Feb 9, 2018 - Politics & Policy

ICE sued for violating immigrant activists' First Amendment rights

Ravi Ragbir. Photo: Andrew Lichtenstein / Getty

Immigrant rights activist Ravi Ragbir, with the backing of several pro-immigration rights groups, is suing the Immigration and Customs Enforcement in a New York federal district court. He's claiming that ICE violated his First Amendment rights by detaining him based only on his vocal activism.

Why it matters: There's expected to be an increase in ICE raids over the next year, with the Trump administration making it clear they intend to strictly enforce immigration laws. Ragbir and his lawyers are asking for an injunction that would protect Ragbir from deportation, but also would prevent ICE officials from arresting, detaining or deporting undocumented immigrants based on their protected political speech.

Background: Ragbir was suddenly arrested and detained by ICE on January 11th for 18 days, after which he was told to report for deportation on Saturday, February 10th. A federal court called his detention “unnecessarily cruel" and unconstitutional, alluding to possible First Amendment right violations.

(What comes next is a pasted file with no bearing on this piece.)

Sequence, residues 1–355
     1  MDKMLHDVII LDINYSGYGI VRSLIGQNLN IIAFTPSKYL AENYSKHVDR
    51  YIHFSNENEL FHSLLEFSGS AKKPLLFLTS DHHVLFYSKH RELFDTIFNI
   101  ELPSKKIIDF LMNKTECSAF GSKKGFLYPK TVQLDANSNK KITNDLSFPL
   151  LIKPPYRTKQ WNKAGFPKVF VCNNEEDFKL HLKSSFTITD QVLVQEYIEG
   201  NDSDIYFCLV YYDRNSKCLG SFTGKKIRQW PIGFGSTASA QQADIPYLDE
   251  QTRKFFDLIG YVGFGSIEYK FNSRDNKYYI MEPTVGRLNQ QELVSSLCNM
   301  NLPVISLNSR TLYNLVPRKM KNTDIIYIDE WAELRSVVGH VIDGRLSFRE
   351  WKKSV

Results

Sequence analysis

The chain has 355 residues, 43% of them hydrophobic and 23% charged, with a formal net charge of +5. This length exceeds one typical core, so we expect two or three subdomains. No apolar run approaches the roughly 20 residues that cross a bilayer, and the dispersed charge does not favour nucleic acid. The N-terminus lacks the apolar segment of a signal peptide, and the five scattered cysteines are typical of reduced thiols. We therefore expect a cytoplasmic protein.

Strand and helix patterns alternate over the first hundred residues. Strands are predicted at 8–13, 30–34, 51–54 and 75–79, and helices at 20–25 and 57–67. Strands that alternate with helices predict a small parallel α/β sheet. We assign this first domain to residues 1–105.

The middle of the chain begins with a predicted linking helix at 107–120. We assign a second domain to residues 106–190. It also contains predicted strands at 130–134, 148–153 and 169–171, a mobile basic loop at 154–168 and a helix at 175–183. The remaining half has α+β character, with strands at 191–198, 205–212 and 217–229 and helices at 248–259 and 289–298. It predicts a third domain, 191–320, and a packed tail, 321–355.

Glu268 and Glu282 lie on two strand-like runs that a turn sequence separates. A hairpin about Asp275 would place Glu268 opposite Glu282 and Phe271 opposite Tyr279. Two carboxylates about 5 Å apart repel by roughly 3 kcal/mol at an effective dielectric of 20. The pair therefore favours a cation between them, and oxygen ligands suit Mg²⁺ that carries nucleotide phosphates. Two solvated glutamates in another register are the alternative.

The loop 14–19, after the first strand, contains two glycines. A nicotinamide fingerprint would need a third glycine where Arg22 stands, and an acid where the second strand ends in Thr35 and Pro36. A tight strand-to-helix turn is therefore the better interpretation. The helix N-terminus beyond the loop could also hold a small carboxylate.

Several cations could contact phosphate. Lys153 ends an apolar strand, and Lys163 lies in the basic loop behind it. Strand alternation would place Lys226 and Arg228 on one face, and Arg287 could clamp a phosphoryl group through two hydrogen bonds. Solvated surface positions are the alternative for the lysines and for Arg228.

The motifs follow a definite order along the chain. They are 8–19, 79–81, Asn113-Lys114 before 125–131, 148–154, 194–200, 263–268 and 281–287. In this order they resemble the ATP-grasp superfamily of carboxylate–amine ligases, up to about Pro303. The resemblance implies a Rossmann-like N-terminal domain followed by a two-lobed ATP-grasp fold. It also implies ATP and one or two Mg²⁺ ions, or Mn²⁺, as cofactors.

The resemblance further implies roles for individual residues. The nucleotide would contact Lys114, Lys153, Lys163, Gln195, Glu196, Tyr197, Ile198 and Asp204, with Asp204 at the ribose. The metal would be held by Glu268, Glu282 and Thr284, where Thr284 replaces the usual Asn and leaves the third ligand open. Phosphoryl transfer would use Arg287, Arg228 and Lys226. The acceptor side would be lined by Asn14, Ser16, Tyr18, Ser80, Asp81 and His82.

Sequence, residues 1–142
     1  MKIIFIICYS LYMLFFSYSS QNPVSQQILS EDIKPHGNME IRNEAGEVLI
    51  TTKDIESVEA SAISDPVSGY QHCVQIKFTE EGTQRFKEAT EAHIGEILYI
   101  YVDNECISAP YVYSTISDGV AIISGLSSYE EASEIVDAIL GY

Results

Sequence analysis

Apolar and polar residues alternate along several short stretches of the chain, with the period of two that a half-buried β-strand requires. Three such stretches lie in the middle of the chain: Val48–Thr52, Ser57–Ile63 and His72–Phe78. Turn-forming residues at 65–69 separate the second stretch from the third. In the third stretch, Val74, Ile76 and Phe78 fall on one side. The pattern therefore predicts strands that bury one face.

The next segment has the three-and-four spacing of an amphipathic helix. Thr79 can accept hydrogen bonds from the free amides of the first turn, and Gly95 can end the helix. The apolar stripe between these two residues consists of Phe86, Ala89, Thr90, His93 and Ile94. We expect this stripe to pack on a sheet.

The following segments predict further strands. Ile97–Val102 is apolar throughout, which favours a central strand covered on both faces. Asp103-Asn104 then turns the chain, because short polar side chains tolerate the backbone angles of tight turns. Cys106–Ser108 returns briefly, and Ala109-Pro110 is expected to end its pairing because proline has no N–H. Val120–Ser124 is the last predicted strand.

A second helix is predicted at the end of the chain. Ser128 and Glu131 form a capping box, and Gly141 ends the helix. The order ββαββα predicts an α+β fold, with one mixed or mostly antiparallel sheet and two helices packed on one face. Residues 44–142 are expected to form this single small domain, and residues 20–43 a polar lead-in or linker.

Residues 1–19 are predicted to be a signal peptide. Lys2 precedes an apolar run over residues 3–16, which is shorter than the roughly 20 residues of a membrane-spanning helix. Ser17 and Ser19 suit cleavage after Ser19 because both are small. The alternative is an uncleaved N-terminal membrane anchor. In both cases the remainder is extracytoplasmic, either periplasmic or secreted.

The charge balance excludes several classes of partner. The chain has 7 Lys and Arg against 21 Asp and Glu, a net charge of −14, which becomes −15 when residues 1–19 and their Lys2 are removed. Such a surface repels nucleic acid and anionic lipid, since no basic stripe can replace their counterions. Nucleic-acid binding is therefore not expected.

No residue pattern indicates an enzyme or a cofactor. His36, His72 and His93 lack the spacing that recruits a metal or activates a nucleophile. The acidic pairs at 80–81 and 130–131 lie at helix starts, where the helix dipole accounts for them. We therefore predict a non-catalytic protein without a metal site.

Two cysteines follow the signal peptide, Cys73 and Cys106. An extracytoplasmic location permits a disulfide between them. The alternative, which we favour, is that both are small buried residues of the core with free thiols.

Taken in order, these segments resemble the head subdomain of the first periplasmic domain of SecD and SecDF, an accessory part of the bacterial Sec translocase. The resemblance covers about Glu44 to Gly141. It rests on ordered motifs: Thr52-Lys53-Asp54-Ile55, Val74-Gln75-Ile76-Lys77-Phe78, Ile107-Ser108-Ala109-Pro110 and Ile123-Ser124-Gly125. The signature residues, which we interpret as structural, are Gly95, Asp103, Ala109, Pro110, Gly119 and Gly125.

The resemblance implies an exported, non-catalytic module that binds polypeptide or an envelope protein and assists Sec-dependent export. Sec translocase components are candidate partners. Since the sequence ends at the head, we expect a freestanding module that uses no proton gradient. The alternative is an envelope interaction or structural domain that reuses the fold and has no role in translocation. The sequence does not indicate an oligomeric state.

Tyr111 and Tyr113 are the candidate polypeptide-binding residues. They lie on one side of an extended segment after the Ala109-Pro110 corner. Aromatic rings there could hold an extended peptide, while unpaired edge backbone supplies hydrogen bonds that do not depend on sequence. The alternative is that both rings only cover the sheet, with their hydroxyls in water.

"Like so many people who are living in this country under the threat of deportation, I know how important it is to raise our voices against the injustices in the system. This lawsuit is not just about me, it is about all of the members of our community who are speaking out in our struggle for immigrant rights.”
— Ravi Ragbir, in a press release

ICE response: “U.S. Immigration and Customs Enforcement does not target unlawfully present aliens for arrest based on advocacy positions they hold or in retaliation for critical comments they make. Any suggestion to the contrary is irresponsible, speculative and inaccurate," ICE's Associate Executive Director of Enforcement and Removal Operations Matthew Albence told Axios in a statement. "We will continue to target criminal aliens whenever and however they come to our attention."

Bottom line: "The Plaintiffs' reason for filing the litigation is understandable," Leon Fresco, immigration attorney for Holland & Knight told Axios. However, "the government will have a strong argument that if this litigation is successful, it would create the incentive for every person with potential immigration risk to become an advocate to avoid removal. So it will be important for Plaintiffs to make a carefully crafted argument to refute this point."

The latest: The government has stayed Ragbir's deportation until the briefing and the New York Southern District federal court considers the injunction. Ragbir's lawyers will file for the preliminary injunction on Monday, according to Stanton Jones, a partner at Arnold & Porter law representing the plaintiffs.

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